Hidden in Provence is a haunting ghost village. Perched high upon a mountaintop in the Lubéron is an ancient town, filled with narrow, cobbled streets, the ruins of empty homes and an old castle. It was once used as a hideout during World War II, and was home to the lady who stole the heart of Antoine de Saint-Exupéry.
The story of Oppède-le-Vieux is really a tale of two towns. One in the valley, is still thriving. Whilst the its twin, lies empty on the mountaintop overshadowing it.
Oppède-le-Vieux dated back to the 12th century, and used to be bustling town, with homes carved into the mountainside, surrounded by ramparts, and at its centre, a church and a castle. Once, this charming town of steep, winding streets was home to over 900 people.
But as beautiful and picturesque as Oppède-le-Vieux was, it became increasingly impractical to live in by the 19th century. The Petit Lubéron mountain cast an almost ever present shadow over the town, which made the quaint homes dark, damp and hard to maintain.
Faced with a daily climb down the mountain, many of the farmers working in the valley below Oppède-le-Vieux simply began living in it, giving birth to a new town, called Oppède-le-Poulivets. Oppède-le-Poulivets swiftly became a far more practical place to live, with its closer proximity to the olive groves, fruit orchards, vineyards and fields of lavender. The town hall itself moved down into the valley in 1909, sealing forever, the fate of Oppède-le-Vieux.
The old, medieval town perched on the rocky precipice was left empty and abandoned, slowly becoming reclaimed by nature. Roofs fells in, the caverns burrowed into the mountainside became lost in the undergrowth, and the ancient castle fell into ruin.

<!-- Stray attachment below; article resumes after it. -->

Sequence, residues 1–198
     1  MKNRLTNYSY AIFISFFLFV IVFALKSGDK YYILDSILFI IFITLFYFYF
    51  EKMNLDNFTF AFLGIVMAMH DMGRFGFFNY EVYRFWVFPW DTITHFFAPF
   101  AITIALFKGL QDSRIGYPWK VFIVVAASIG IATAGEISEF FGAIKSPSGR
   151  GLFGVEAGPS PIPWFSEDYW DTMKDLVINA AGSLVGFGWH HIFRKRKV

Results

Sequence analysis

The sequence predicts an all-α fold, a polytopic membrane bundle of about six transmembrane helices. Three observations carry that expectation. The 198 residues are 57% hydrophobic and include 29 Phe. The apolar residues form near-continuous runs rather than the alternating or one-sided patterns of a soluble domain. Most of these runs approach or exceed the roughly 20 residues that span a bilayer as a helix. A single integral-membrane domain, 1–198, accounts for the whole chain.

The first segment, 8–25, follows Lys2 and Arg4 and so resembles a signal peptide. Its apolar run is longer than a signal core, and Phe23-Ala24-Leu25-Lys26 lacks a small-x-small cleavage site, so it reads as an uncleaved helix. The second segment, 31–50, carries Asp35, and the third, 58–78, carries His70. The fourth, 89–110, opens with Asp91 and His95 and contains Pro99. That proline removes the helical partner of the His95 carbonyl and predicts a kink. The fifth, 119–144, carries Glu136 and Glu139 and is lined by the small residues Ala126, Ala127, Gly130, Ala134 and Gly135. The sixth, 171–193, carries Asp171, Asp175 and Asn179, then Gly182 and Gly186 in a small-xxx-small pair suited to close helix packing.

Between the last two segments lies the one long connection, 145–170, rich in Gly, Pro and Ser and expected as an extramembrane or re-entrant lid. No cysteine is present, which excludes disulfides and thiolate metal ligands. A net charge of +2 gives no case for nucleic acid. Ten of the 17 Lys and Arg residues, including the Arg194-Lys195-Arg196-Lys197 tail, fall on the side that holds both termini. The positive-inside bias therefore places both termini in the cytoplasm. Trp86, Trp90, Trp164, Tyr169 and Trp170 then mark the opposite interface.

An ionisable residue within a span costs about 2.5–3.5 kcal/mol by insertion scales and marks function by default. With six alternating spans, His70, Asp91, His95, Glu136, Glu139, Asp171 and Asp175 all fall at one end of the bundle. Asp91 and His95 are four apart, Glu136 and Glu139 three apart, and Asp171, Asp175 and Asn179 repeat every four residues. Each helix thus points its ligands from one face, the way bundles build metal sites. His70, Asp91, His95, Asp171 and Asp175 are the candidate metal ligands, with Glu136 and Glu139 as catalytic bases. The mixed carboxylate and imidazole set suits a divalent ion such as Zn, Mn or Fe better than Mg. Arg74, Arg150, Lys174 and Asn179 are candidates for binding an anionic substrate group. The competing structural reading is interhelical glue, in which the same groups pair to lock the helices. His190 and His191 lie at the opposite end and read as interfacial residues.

But the story of Oppède-le-Vieux took an unusual twist in the summer of 1940; for when France fell to Germany, a group of architects and artists sought refuge amongst the crumbling ruins of the mountain village.
The rabbit warren nature of the old ghost town proved to be the perfect hiding place for a commune of around 50 artists, calling themselves le Groupe d’Oppède…
We know a little of the daily life of hiding amidst the haunting ruins, as one of the commune wrote an account called ‘Kingdom of the Rocks’ in 1946. She was born Consuelo Suncin de Sandova, but is better known as the most likely inspiration for ‘The Rose’ in her husband’s most famous book, the Little Prince. Consuelo had met and married Antoine de Saint-Exupéry in 1931. The pioneering aristocratic aviator and writer disappeared never to be seen again in 1944, it is thought somewhere over the Mediterranean, south of Marseille.
The small community thrived in their secret hideout, bring life back to the ruined town. They wired electricity into their makeshift homes and artists studios, Consuelo de Saint-Exupéry writing of how, “as night blotted out the Lubéron this was the only gleam of light that could be seen in the valley. The peasants of the lower slopes and plain said to each other now, in a blending of hope with superstitious fear : ‘The lamps of Oppède have been lighted again!”
The secretive commune set up a school, and renovating the town; “they were all lost in their labour”, explained Consuelo, “they painted….blotting out the grey stains of time and the dinginess of neglect these vast halls had suffered for at least a century.”
In 1942, Germany dissolved the Free Zone, occupying all of France, forcing the artists hiding in Oppède to flee their idyllic mountain retreat, leaving it abandoned once more. Consuelo wrote, “the first German patrol entered the ancient town of ruins, finding most of the houses empty and the studios full of rubbish.”
Following the abandonment of Oppède-le-Vieux by the commune, the end of the war saw several people move back up the mountain, but today the old town is still largely empty. One visitor wrote of how, “there remains a beguiling atmosphere, shadows hovering behind every crumbling corner, a sense of the past and of things that happened long ago.”
Exploring Oppède-le-Vieux on foot is one of the most magical things to do in one of the most beautiful parts of France. The winding streets lead to crumbled old houses, to caverns dug into the mountain walls and half hidden by ivy, to an old graveyard overlooking the newer town below and the ruins of a castle, where once the beloved wife of the doomed Antoine de Saint-Exupéry wrote, “the seeds sown in the ruins of Oppède will die, only to be born anew.”
Today there is one bed & breakfast and one café in the lower part of town.
By Luke J Spencer